NASCAR Hall of Fame Induction Ceremony: Herb Thomas
Topics: NASCAR, Herb Thomas
February 8, 2013
CHARLOTTE, NORTH CAROLINA
KERRY THARP: Representing great driver Herb Thomas are his two sons, Joel and Victor Thomas. Congratulations, fellas.
I guess I'll ask Joel first, you were up there tonight accepting on behalf of your dad, and just maybe recount just how important this is for your father to be recognized as one of the best in the history of the sport.
JOEL THOMAS: Well, it's very special in that he was recognized by his peers that will go down‑‑ stand amongst the greatest of all time, and just so proud of him. I grew up on the farm with him, and to‑‑ didn't see his racing days, but from what I hear, he was just a great driver, and we're just proud of him. Very special.
KERRY THARP: And Victor, your thoughts about your dad going into the NASCAR Hall of Fame?
VICTOR THOMAS: Well, it's great that he's going in. You know, he got out of the sport early because his career kind of ended in '56, and he still listened on the radio and then watched it on TV. But what's‑‑ and it seemed like for the longest time, people had forgotten about the old timers, and this Hall of Fame for all these people here, they don't know these guys that just‑‑ I knew some of them personally. Even though I was 10 years old when he got out, I remember meeting Fireball Roberts and Joe Weatherly and those early guys, and they're in my brain, and I'll never forget them.
Tonight it just‑‑ Daddy was‑‑ I can see it really brings it vivid that Daddy was part of that, and it's thrilling for me.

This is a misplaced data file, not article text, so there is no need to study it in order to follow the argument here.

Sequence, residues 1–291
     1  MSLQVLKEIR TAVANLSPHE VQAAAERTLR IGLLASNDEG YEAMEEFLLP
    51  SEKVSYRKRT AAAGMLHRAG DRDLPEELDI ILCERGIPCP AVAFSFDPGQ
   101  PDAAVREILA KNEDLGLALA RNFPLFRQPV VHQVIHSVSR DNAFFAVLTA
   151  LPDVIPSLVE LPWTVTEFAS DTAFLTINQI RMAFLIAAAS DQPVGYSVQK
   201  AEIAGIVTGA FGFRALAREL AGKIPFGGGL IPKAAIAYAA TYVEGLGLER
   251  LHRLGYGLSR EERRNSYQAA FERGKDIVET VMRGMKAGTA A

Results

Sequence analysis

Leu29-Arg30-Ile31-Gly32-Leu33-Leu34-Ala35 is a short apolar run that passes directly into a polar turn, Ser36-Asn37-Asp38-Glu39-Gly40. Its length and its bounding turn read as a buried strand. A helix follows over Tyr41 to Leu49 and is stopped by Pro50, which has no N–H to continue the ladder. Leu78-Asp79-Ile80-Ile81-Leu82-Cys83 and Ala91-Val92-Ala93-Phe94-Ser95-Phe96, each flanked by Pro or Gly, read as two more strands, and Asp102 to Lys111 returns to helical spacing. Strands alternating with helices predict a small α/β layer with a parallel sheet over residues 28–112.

Q. What did it mean to you to hear so many of the stars that were his contemporaries talk about how talented he was and that he may have been the best driver of his era?
VICTOR THOMAS: To hear Smokey Yunick say at the time Daddy was the best there was, that means he probably was the best there was, because we know that Smokey Yunick at the time was the best mechanic out there. When you put Daddy with the Hudson and Smokey Yunick came along, that was a combination that really was a powerful thing from '51 through '54 until Hudson got out of the racing. On the records, Daddy won I think 38 races with Hudson, and that's a big number for one car, you know, one little small car. Hudson was back then a very small company, and for them to compete against that and the Oldsmobiles and General Motors‑‑ yeah, General Motors was in it and Ford.
What really is great about it is that Daddy was the first sponsored car, I think. The Hudsons really wanted to put him in a car. Thanks to Marshall Teague, he was the first factory car out on the track, on the track. You see that fabulous Hudson Hornet coming, it had to be some type of intimidating for the other guys.
Q. Victor, when he left driving, could he leave racing behind? Do you think he was saddened by the fact that he couldn't really drive and compete anymore? And what about all the trophies and things? Do you guys still have those somewhere?